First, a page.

During the day, the jurors asked to review video evidence of the shootings in Kenosha, Wisconsin, on Aug. 25, 2020.
Rittenhouse attorney Corey Chirafisi told Judge Bruce Schroeder that the defense will ask for a mistrial without prejudice over a dispute regarding a drone video.
If a mistrial without prejudice is declared by the judge, the state would be able to retry the case. Rittenhouse, if convicted of the most serious charge, faces a mandatory life sentence in the shooting deaths of two individuals on the night of Aug. 25, 2020.
Earlier this week, his lawyers originally motioned for a mistrial with prejudice because the “prosecution gave the defense a compressed version of the video,” which “was not as clear as the video kept by the state.” They also raised other issues in their motion, including prosecutor Thomas Binger’s line of questioning of Rittenhouse last week that, according to the defense, violated his Fifth Amendment right to remain silent.
Rittenhouse’s lawyers further said they were handed a drone-captured video that “was only 3.6 megabytes, while the state had a higher resolution version that was 11.2 megabytes.”
During Wednesday’s court proceeding, district attorney James Kraus said the difference in videos was due to a technological error. The video, he argued, was compressed because it was transferred from an iPhone to an Android smartphone.
Because of the glitch, the state can’t be held responsible for “something that happened in the transfer that we had no knowledge of,” Kraus argued. “We didn’t compress anything; we didn’t change anything,” he told the judge.
But lawyer Corey Chirafisi said that the defense “didn’t have the quality of evidence that the state had until the case had been closed.”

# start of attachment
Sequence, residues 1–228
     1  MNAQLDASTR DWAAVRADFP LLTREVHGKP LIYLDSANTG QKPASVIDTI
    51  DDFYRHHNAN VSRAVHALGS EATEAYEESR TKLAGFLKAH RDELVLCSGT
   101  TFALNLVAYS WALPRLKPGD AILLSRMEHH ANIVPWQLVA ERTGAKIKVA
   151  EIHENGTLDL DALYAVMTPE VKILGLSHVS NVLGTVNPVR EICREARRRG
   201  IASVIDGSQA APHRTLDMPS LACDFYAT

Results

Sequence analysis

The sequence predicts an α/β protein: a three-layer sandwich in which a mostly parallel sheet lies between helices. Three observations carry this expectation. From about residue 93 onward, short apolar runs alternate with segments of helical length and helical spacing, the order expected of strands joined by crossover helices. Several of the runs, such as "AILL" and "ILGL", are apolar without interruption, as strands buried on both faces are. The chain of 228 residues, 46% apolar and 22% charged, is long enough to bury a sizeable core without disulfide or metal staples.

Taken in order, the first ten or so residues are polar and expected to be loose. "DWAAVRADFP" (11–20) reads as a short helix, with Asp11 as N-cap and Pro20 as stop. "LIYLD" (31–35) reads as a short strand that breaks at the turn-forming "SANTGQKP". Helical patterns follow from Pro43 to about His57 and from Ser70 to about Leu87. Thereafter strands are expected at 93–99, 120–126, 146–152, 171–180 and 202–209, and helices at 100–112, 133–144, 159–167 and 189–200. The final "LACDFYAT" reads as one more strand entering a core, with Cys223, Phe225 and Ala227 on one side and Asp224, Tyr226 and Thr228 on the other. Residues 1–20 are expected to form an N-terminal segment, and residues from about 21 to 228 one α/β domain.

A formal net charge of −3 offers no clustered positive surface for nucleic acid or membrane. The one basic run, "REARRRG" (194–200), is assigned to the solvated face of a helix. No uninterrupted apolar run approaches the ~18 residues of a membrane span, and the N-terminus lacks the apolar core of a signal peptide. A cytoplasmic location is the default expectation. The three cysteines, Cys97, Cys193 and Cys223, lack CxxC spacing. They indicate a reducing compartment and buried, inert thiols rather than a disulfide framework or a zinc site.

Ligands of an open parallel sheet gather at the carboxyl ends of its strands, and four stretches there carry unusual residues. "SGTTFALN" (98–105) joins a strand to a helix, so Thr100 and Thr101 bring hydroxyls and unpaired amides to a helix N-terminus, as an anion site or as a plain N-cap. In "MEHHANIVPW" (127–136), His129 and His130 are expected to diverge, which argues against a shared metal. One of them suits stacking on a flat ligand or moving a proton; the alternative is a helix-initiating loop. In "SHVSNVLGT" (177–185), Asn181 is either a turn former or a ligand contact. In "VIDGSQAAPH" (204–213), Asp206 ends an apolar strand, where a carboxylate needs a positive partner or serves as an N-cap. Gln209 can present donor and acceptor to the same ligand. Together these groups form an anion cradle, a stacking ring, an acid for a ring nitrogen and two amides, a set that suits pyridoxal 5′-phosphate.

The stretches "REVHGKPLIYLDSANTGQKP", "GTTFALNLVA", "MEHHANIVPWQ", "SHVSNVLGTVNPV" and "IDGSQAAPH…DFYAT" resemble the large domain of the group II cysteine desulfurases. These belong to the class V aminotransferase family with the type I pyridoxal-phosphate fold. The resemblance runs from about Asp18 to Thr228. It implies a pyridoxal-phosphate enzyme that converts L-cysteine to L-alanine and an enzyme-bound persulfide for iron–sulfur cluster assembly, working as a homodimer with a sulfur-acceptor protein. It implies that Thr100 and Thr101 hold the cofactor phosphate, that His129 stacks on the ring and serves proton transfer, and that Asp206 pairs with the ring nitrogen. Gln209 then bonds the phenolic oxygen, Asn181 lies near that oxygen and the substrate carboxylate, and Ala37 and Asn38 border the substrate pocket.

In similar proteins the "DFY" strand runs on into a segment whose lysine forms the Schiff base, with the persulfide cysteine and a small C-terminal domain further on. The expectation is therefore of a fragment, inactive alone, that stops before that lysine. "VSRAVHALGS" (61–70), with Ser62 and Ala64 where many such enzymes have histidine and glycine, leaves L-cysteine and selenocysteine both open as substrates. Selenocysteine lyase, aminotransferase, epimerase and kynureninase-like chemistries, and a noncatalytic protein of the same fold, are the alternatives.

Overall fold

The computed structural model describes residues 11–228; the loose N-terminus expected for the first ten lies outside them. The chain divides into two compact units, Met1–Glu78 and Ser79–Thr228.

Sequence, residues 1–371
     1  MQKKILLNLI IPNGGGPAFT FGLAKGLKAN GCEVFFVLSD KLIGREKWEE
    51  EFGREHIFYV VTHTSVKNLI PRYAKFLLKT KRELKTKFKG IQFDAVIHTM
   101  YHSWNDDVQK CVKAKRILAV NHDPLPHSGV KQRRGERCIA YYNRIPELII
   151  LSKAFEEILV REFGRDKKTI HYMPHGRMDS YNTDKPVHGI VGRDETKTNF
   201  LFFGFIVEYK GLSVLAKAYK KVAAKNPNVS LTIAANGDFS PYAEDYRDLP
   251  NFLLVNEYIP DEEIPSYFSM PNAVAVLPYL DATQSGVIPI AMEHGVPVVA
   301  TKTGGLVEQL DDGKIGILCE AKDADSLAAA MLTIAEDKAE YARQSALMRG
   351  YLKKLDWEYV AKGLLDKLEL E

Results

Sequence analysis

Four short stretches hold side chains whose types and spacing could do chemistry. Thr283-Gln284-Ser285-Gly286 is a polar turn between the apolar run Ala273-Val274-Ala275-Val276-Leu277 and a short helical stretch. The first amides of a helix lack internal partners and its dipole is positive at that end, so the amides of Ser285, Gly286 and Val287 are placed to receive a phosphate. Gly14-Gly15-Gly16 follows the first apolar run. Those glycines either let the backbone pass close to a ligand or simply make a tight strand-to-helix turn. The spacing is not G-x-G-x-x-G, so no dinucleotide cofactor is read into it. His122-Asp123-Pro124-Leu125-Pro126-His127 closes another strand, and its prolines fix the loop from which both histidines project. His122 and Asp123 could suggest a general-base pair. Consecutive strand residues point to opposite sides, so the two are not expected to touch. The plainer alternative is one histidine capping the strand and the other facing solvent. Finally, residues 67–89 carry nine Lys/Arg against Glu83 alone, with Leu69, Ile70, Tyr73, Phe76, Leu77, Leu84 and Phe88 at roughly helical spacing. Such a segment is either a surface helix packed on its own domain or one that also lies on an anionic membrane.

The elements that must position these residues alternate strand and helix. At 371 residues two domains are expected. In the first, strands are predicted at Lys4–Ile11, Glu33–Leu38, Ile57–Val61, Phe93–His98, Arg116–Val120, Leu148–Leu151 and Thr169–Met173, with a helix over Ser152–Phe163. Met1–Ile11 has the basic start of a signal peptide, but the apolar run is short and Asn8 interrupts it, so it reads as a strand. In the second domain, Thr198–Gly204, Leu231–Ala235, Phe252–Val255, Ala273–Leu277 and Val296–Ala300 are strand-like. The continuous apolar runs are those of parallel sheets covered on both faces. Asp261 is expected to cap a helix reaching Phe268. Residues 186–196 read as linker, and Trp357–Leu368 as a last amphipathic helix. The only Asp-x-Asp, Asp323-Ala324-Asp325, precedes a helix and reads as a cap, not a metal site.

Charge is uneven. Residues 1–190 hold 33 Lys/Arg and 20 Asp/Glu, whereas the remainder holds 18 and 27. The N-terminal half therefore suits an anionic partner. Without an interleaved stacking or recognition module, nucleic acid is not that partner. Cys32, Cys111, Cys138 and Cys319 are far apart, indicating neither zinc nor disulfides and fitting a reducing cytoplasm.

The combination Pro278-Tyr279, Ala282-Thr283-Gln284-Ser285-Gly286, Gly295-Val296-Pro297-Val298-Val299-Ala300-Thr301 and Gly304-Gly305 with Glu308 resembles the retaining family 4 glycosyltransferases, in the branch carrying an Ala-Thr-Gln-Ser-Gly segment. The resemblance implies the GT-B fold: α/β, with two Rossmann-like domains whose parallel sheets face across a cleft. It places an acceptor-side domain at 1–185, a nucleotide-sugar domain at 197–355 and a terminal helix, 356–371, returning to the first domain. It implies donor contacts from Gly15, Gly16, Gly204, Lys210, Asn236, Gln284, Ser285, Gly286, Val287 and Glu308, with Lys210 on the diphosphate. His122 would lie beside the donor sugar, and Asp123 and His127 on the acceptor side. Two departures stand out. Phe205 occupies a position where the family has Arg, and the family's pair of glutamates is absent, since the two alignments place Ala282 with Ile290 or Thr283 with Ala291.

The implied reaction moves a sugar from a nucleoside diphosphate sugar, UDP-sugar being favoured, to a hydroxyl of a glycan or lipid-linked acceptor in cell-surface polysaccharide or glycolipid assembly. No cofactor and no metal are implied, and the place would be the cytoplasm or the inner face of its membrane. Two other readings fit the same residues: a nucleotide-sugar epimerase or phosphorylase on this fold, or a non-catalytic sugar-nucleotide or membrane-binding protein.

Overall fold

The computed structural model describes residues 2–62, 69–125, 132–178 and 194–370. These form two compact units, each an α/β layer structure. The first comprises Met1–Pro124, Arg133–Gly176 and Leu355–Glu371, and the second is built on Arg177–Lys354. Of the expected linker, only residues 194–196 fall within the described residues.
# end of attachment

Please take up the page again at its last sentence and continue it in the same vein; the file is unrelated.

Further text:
And “to not get that until the evidence has been closed, that doesn’t strike me as fair,” he told the judge, pointing out that “this is a potential life sentence here.”
Another defense attorney, Natalie Wisco, said that the video she was sent had a different file name than the original one. The prosecution wasn’t telling the truth, she said, which was disputed by Kraus.
Following the back-and-forth arguments, Schroeder didn’t immediately rule on the mistrial motion but indicated may call in an expert to testify under oath from the attorneys to determine what actually occurred.
The video in question shows Joseph Rosenbaum chasing Rittenhouse in the parking lot of a used-car dealership before the teen turned and opened fire as Rosenbaum approaches him. Prosecutors heavily relied on that video to argue that Rittenhouse provoked the incident that triggered the chain of events.
Members of the jury on Wednesday asked to review the drone video and other videos of both the Rosenbaum shooting and the subsequent shootings of Huber and Grosskreutz. Schroeder cleared the courtroom for the jurors, who were to watch the videos on a large screen TV just outside the jury box.
Reuters contributed to this report.